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Forming the Preterit

Forming the Preterit. The preterit is one of two past tenses in Spanish. It is used with great frequency but is, unfortunately, the most complicated tense to form. There are two sets of regular endings: one for –ar and one for –er/-ir verbs. hablar comer/vivir -é -amos -í -imos

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Forming the Preterit

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  1. Forming thePreterit

  2. The preterit is one of two past tenses in Spanish. It is used with great frequency but is, unfortunately, the most complicated tense to form.

  3. There are two sets of regular endings: one for –ar and one for –er/-ir verbs. hablar comer/vivir -é -amos -í -imos -aste -asteis -iste -isteis -ó -aron -ió -ieron Drop the –ar/-er/-ir and then add the endings. hablé hablamos comí comimos viví vivimos hablaste hablasteis comiste comisteis viviste vivisteis habló hablaron comió comieron vivió vivieron

  4. ACCENT MARKS ARE ABSOLUTELY NECESSARY!!! Look what happens if you leave off an accent mark: hablé hablamos hablaste hablasteis habló hablaron Without the accent mark, you have “I speak” (hablo) instead of “he spoke” (habló). You don’t know it yet, but if you leave off the accent mark in “hablé,” that means something different too.

  5. Note that, while the “vosotros” form looks intimidating, it’s simply the “tú” form with “-is” added to it. -é -amos -í -imos -aste -asteis -iste -isteis -ó -aron -ió -ieron Note also that the “nosotros” form of –ar verbs and of –ir verbs is the same as the present but that the “nosotros” form of –er verbs is NOT. present hablamos comemos vivimos preterit hablamos comimos vivimos

  6. Note that –ar verbs and –er verbs don’t stem change. -ir verbs do, but that will be discussed in a later section. volver salir pensar vuelve  volvió salgo  salí piensas  pensaste he returns  he returned I leave  I left you think  you thought All the practice exercises will be done as above. You’re given, for example, “vuelve” and must change it to “volvió.”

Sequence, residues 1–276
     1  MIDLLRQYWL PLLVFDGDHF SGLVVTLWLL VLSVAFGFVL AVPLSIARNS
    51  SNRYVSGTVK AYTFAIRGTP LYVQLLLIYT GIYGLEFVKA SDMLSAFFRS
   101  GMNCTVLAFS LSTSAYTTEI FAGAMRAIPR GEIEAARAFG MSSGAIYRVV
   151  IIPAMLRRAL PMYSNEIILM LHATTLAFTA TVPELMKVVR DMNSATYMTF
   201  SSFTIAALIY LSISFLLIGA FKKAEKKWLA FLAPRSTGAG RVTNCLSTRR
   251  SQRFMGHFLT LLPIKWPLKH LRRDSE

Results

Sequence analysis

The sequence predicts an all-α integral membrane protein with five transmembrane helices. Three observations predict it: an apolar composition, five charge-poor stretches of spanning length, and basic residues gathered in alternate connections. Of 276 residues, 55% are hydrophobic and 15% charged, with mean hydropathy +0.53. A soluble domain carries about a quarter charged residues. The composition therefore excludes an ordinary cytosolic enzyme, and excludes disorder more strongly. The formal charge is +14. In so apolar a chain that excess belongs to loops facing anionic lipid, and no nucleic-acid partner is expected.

7. Click here to go to a practice exercise.

  8. Verbs with Spelling Changes Verbs that end with –gar, -car, or –zar are going to undergo a spelling change. Consider the verb “tocar.” You would expect the “yo” form to be “tocé,” right? But think about how a “c” sounds when it comes before an “e” or an “i.” It sounds like an “s.” “Tocé” would sound like “tosé.” But we want the “c” to sound like a “k,” just like it does in “tocar.” To get that “k” sound, you have to change the “c” to a “qu”: toqué tocamos tocaste tocasteis tocó tocaron Note that you change it only in the “yo” form; that’s the only place you have an “e,” so you don’t need to change it anywhere else.

  9. The same is true of verbs that end in –gar, like “pagar.” When a “g” comes before an “e” or “i,” it sounds like an “h.” That’s why you can’t have “pagé”; the “g” sounds like an “h” there but like a hard “g” in “pagar.” To keep the hard “g” sound, you have to change the “g” to a “gu”: pagué pagamos pagaste pagasteis pagó pagaron Again, note that only the “yo” form is affected; no other form has an “e,” so no other form gets “gu.”

  10. Unfortunately, there’s no logical explanation for the change in –car verbs. There just happens to be a rule in Spanish that says “z” can’t come before “e” or “i.” If that happens, you have to change the “z” to a “c”: almorcé almorzamos almorzaste almorzasteis almorzó almorzaron You may be familiar with the plural of “feliz”: “felices.”